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Third step: Physical property survey

Not all your due diligence can be carried out in the National Registry. If you’re still interested in the property after the title search, your next step is to hire some professionals to do a more detailed assessment of various aspects of the property. This part of the chapter will discuss three things you’ll want to check: The property size and alignment; the value of the property; and the environmental impact any construction on it might have. There are different ways to check those three things, and this section will touch on a few of them.

Property size and alignment: This is something you’d be wise to measure regardless of the property or what you find in the National Registry. It doesn’t cost much and will give you peace of mind. Basically, you’ll have to hire a surveyor to measure the property lines and establish both the size and the alignment. While this is something you’ll want to do regardless of the property (condominiums and gated communities excepted), it’s especially important if you’re looking at a large piece of farmland or a property that borders the maritime zone or a national park. Your attorney might be able to recommend a surveyor, or you can find several companies that provide such services in the resources section of this book.

Property value: This is tricky with large pieces of raw land or lots, and to a certain extent you’ll be on your own. Your best bet is to talk to other buyers in the area to get price points. However, when looking at a finished building – or even a building that’s still under construction – you can contract the services of a perito. Perito is the Spanish word for “expert witness,” but a better translation would be property appraiser. Basically, these are people (usually engineers registered with the CFIA) whose job is to assess the value of finished buildings and estimate the future value of unfinished ones. They take into account the value of the materials, the labor, and the furnishings, plus market factors and profit for the developer (if there is one involved). There are a handful of companies that offer this service, and they are hired by banks to assess property value before the bank will give out housing loans. They cost a few hundred dollars and will be able to sit down with you and explain, in detail, the pluses and minuses of the home or land you’re looking at. Keep in mind, however, that the perito’s word is merely one expert’s opinion, and should be weighed against other pricing factors.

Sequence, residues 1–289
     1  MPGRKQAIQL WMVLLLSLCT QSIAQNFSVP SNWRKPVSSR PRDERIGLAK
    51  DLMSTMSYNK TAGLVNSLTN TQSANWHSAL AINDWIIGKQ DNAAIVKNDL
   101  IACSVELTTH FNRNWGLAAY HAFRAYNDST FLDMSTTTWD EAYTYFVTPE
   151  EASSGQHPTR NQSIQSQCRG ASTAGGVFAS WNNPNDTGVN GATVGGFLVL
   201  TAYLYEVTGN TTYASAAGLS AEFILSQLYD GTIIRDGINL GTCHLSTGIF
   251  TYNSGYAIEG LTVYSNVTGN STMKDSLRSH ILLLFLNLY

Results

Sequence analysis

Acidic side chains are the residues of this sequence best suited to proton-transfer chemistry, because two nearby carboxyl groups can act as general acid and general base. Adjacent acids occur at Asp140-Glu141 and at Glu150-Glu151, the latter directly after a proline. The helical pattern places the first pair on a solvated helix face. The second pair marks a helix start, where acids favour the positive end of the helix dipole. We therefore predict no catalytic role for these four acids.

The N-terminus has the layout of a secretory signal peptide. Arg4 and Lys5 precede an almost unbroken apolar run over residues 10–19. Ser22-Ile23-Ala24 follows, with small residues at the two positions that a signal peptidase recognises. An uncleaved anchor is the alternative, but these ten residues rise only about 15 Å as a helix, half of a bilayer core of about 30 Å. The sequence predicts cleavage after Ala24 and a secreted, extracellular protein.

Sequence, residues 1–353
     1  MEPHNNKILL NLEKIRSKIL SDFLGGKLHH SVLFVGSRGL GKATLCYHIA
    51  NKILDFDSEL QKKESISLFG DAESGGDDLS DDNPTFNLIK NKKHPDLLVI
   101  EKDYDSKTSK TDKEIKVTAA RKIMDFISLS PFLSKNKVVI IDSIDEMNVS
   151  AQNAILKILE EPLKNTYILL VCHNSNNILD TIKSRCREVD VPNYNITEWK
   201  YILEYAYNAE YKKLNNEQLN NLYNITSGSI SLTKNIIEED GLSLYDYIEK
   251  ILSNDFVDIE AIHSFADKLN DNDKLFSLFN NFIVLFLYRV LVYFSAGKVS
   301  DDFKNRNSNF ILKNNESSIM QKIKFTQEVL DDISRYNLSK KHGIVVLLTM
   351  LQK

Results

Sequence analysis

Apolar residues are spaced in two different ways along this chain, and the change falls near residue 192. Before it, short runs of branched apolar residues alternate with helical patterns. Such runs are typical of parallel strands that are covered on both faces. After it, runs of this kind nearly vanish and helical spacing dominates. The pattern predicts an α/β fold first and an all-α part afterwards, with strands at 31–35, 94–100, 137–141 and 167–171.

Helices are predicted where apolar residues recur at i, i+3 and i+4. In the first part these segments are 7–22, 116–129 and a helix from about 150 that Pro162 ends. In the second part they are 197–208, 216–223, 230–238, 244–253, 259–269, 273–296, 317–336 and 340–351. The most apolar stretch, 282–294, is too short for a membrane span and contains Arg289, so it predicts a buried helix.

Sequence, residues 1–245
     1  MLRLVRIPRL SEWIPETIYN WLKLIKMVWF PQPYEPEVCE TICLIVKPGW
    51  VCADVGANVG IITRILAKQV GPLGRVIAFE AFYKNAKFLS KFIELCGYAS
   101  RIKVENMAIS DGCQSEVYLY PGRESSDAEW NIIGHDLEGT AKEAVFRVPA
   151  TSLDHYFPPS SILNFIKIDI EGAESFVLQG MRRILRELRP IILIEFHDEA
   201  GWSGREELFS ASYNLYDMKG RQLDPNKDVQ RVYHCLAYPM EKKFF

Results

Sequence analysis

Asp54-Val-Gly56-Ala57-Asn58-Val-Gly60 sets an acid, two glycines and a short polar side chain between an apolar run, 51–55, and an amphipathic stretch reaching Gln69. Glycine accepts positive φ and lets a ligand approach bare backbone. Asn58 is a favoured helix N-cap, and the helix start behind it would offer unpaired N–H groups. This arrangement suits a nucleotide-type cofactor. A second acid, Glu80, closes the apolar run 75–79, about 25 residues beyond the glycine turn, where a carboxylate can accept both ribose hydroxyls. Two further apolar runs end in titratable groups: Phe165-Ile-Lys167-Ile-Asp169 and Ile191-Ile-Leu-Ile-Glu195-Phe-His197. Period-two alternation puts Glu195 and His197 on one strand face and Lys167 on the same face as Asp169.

Environmental impact: Costa Rica has famously strict environmental laws, and before you buy, you should do whatever you can to make sure your plans for a piece of property will not be hindered by those laws. If you’re looking at a lot or home within a gated community, ask the developer to give evidence that the appropriate environmental authorities have approved his site plan. If you’re purchasing an individual lot or raw farmland, you should consider hiring an environmental engineer to review the property and your plans for potentially environmental hang-ups. This could mean doing everything from giving the property a quick once-over to doing an entire environmental impact study. When purchasing property, many developers first buy a long-term option and complete the environmental review process before they close on the land (see Chapter 14 on permitting for more details).

As one final piece of advice, if you’re planning a development or a large estate, having an experienced attorney, civil engineer, or other real estate development professional available for consulting is a must at this stage. The larger and denser the project, the more things can go wrong. Get a good team and follow its advice.